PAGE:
Two boats collided in foggy conditions in the waters off Shinnecock Sunday morning, leaving one sunken and five boaters awaiting rescue on a life raft, officials said.
The Elizabeth J, a fishing vessel based at Shinnecock, made a distress call to the U.S. Coast Guard at 10:50 a.m. reporting that the boat was "involved in a collision" with a pleasure craft called Nina Marie about 17 nautical miles south of Shinnecock Inlet, said Martin Betts, a public affairs officer and lieutenant junior grade with the U.S. Coast Guard Sector Long Island Sound in New Haven, Connecticut.
While there were no serious injuries to the five boaters, Betts said, one of the three people aboard the Elizabeth J was ejected from the boat upon impact. The man was rescued and "brought up into the Nina Marie," he said.
"Everybody seemed to be OK, thankfully," said Betts, who couldn't name the boaters or their hometowns Sunday night.
But the Nina Marie, which had two passengers, was "taking on water quickly and sinking," so the two boaters and rescued man aboard the Nina Marie fled to the Elizabeth J, Betts said.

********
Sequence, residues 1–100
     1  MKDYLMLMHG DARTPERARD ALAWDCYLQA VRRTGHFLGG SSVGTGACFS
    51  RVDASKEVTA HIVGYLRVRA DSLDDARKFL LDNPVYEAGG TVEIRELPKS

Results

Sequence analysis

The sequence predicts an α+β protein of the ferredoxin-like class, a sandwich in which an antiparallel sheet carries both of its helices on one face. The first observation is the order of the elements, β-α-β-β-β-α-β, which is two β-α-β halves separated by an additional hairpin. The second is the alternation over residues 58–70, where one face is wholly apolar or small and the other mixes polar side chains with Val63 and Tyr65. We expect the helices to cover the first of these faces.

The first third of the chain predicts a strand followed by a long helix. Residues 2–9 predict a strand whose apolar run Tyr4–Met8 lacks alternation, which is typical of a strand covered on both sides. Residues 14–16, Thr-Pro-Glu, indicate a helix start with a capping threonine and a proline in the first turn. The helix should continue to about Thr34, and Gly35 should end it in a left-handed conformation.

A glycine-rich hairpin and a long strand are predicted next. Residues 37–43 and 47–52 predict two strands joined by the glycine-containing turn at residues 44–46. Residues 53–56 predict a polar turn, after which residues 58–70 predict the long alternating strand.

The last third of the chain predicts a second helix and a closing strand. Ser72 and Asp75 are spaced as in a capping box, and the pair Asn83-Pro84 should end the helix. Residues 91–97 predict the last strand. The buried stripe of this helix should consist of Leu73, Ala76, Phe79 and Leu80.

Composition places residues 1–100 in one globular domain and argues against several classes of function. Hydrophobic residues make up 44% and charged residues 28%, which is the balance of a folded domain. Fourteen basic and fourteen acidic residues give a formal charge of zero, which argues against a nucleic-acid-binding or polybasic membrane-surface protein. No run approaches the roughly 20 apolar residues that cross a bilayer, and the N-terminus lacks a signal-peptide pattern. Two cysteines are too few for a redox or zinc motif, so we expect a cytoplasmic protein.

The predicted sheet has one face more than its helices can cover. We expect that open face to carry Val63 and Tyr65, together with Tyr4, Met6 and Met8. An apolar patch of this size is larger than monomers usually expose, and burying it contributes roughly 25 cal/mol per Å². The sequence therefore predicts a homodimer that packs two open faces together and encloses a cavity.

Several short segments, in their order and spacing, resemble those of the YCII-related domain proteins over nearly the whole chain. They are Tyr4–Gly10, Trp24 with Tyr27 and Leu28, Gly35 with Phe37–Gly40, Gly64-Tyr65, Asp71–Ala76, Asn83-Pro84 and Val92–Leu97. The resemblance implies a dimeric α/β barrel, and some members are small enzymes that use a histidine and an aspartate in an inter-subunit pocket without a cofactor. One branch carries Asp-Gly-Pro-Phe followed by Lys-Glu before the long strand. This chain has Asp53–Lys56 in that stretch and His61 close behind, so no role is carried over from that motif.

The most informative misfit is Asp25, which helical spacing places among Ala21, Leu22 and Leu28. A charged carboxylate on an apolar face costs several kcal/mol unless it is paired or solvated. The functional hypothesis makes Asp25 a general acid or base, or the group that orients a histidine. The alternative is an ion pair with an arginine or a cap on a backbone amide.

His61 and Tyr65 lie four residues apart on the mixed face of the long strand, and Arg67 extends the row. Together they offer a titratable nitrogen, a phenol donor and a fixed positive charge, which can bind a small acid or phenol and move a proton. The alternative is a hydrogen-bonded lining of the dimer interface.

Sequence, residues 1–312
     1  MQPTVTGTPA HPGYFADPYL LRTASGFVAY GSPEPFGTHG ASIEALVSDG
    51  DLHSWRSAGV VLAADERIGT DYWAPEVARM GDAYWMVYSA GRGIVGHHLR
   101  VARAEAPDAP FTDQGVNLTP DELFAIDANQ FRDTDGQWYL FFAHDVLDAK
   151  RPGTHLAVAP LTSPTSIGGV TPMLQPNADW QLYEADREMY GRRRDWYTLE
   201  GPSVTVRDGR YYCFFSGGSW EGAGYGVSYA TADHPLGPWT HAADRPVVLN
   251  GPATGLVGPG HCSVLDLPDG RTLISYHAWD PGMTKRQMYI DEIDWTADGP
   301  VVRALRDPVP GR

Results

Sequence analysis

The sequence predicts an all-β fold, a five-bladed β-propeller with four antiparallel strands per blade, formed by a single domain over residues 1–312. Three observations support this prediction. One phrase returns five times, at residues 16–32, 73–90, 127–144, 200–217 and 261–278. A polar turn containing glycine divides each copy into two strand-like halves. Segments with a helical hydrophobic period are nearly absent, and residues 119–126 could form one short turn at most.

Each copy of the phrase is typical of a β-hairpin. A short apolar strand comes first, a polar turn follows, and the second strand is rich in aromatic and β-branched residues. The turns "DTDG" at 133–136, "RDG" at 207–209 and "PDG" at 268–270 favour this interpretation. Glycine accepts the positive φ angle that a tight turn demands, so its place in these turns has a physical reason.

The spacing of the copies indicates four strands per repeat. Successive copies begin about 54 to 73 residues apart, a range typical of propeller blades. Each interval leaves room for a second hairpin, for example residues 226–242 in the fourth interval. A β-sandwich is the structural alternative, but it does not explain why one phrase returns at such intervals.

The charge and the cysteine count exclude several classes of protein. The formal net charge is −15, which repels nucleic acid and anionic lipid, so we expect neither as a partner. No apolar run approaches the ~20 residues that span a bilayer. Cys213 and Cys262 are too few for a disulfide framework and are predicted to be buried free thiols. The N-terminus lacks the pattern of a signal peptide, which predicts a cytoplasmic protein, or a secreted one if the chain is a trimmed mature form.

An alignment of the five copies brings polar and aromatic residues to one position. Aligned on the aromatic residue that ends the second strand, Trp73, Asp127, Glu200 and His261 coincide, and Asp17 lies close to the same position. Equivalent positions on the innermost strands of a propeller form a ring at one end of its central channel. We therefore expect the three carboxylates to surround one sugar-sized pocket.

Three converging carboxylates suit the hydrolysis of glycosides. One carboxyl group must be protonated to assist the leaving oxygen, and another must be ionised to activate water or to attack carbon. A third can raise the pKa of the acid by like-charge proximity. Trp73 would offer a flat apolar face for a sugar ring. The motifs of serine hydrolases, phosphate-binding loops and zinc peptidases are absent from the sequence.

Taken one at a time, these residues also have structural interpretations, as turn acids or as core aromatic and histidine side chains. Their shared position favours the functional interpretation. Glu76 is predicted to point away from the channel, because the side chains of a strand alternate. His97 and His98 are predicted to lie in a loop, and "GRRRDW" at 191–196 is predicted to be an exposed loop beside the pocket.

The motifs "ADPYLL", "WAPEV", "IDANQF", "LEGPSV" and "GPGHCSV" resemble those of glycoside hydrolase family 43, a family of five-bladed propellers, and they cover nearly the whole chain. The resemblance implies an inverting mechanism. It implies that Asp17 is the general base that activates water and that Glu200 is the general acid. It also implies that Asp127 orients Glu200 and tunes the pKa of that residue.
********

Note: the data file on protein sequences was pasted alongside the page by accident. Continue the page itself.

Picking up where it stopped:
The Elizabeth J started taking on water too, leaving the five boaters to report to Coast Guard officials that "they were going to abandon ship," he said.
The five boaters, all wearing life jackets, boarded a six-man inflatable life raft to await help.
Meanwhile, Coast Guard officials, who were en route with two boats -- a 47- and 25-footer that left Station Shinnecock at 10:58 a.m. -- also had deployed two Coast Guard helicopters from Air Station Cape Cod and asked for help from nearby vessels.
Visibility at the time of the crash was "very low," at a quarter of a mile due to fog, Betts said. Seas were about four feet and water temperature was 56 degrees, he said.
Both the Coast Guard boats and helicopters arrived about noon -- slowed in their search by the low visibility, Betts said.
Also complicating the rescue, he said, was Elizabeth J's antiquated tracking technology, which didn't give an accurate location, Betts said.
A nearby fishing vessel called Adventuress -- which responded to an assistance call from the Coast Guard -- located the life raft at 12:23 p.m.
The five boaters boarded that vessel and eventually were picked up by one of the Coast Guard vessels. Betts said he didn't have the identities of those aboard the Adventuress.
The Elizabeth J sank. Officials with Sea Tow were "attempting to re-right " the Nina Marie on Sunday, Betts said.
The cause of the collision is "undetermined" at this point, Betts said. Because the crash resulted in a "marine casualty" -- the sinking of the Elizabeth J -- the boaters were required to undergo alcohol testing, the results of which are pending, Betts said.
"It's fortunate that everyone in both boats had access to a life jacket and that the fishing vessel had an inflatable life raft on board and the crew was able to deploy," Betts said.